Most of us who have gone through the K-12 State indoctrination program, have likely heard the media referred to as the fourth estate; an additional and important check on power. The story, at least here in the U.S. goes; our republic was established so that the three governing bodies; legislative, judicial, and executive; would check and balance each other, in pursuant of a more perfect union. The popular understanding of the fourth estate is in its relation to these three branches of government; as originally attributed to the comments of Edmund Burke in his 1787 British House of Commons debate on allowing the press to report on the activities of parliament. In Burke’s meaning of the term, he refers to the three estates of parliament; Lords Spiritual, Lords Temporal, and the Commons; to which he suggests the media, an outside force, as the fourth.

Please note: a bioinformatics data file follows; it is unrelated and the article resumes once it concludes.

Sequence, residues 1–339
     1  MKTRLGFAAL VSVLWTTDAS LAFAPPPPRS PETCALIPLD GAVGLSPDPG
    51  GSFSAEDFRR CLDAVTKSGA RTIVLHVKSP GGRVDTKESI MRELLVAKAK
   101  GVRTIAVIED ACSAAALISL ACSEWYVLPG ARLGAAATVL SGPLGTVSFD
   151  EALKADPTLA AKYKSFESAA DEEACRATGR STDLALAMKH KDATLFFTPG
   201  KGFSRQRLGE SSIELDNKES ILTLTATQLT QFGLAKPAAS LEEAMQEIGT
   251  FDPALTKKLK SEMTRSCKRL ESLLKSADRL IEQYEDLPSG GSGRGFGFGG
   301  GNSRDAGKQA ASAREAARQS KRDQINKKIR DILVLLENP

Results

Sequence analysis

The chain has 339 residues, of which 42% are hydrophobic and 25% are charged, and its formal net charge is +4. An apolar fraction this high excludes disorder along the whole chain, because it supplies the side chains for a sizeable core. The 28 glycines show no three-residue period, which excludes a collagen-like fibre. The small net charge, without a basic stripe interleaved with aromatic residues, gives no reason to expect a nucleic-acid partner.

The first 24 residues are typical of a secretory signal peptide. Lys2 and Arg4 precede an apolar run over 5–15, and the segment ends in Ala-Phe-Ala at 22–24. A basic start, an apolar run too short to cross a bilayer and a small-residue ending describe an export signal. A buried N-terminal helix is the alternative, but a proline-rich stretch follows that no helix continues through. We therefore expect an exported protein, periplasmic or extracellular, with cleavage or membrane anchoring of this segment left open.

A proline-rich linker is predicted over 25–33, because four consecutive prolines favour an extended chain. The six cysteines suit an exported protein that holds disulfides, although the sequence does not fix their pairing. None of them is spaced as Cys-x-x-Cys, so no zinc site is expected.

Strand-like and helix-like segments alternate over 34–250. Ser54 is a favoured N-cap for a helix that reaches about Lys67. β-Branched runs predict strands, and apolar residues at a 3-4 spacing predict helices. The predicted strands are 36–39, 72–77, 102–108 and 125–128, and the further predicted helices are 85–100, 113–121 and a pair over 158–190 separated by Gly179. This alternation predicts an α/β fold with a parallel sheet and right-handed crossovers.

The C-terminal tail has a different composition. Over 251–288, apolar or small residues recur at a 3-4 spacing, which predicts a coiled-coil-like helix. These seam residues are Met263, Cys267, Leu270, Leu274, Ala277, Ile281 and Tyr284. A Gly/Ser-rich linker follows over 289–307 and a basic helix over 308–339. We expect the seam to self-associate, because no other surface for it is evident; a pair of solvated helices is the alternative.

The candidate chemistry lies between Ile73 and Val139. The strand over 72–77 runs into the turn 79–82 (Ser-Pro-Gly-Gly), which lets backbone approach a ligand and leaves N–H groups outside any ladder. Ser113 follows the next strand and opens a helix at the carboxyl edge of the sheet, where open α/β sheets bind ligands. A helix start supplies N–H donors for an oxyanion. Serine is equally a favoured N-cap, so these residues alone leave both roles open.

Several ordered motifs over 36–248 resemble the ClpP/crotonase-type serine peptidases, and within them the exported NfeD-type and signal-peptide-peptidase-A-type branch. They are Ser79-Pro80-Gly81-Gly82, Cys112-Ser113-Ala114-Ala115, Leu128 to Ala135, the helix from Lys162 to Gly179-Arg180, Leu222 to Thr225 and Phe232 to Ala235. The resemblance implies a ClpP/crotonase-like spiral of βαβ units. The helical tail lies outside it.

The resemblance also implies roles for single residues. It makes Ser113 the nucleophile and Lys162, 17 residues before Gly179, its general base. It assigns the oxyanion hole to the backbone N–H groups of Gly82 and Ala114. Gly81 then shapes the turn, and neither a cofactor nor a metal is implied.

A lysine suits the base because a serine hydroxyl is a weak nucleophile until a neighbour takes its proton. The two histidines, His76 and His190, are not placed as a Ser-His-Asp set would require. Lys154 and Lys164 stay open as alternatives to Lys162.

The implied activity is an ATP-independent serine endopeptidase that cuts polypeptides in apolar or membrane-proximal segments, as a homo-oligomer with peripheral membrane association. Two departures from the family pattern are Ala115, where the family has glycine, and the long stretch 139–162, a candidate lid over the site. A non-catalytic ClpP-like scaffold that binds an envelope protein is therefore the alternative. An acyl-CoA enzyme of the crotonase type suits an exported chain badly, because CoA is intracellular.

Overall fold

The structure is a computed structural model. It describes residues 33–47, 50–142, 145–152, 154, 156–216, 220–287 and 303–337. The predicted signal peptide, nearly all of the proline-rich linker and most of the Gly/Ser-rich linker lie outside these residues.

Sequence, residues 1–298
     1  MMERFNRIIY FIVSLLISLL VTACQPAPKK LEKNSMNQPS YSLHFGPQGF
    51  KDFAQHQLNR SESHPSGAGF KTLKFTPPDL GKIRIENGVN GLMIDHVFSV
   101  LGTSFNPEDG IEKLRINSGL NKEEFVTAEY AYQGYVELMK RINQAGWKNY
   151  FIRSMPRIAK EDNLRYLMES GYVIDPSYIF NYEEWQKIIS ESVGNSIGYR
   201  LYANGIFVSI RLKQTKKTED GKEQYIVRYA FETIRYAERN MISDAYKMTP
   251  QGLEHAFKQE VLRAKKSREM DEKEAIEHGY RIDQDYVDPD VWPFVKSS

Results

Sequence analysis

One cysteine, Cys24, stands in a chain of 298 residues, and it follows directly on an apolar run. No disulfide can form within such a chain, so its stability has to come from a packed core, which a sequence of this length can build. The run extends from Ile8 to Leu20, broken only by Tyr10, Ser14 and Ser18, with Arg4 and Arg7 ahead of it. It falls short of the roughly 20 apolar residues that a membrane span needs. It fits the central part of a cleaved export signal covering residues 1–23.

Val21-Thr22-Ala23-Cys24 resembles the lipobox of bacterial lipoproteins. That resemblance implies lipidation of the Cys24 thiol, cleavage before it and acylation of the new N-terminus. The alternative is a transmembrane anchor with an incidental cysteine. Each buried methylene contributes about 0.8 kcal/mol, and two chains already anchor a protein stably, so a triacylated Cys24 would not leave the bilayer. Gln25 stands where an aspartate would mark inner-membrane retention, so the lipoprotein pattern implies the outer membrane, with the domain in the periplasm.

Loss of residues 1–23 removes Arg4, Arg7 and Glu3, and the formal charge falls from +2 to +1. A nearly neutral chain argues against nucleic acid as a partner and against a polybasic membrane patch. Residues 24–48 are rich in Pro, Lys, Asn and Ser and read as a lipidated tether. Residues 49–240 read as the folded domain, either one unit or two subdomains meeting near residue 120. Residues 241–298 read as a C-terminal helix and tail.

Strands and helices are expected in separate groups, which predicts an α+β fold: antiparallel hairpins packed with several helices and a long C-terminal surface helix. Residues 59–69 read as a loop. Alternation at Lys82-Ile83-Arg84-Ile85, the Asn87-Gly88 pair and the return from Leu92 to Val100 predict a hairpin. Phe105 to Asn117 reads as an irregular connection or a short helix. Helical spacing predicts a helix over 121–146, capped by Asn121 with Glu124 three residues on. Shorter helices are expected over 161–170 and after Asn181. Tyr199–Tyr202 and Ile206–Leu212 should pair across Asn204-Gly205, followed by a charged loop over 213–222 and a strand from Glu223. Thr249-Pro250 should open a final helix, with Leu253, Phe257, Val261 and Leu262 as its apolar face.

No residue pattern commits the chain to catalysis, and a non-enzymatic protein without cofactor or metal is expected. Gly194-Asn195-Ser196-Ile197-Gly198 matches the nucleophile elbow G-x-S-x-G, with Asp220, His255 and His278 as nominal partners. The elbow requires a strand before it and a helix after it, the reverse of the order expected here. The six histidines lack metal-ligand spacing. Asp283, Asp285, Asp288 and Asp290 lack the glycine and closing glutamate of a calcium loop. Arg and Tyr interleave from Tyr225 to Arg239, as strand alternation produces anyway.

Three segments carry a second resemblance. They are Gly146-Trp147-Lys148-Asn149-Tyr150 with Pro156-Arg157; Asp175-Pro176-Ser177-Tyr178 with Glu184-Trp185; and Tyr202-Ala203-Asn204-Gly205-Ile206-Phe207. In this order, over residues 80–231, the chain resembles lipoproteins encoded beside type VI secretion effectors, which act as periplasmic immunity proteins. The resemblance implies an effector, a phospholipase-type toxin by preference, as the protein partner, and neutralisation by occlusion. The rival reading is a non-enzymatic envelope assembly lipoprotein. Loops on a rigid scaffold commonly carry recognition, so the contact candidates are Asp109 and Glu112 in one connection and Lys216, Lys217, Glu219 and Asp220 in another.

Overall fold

Though this has become the common meaning of the term, Burke was using analogy in his argument; referencing the classical understanding of the Estates of the Realm. In the classical understanding, the power structure of Christian Europe could be divided up between clergy, nobility, and commoners; in order of importance; God ordained the clergy, who ordained the royalty and nobility in His name, who conferred privilege to or levied rents from the commoners. The fourth estate in this understanding was that of an influential force outside of the established power structure; considered threatening to the hierarchy itself.
The difference between the modern and classical understanding of the term fourth estate may be subtle, but the consequences are significant in application. Whereas the modern understanding suggests the fourth estate is an integral part the three branch government system, working as a function of the triumvirate; instead the classical understanding sets the fourth estate up as something antithetical to the power structure. If we consider the media in this delineation, we can see it in two lights; one, the media as an intricate function of governorship, and two, the media as a threat to the power structure.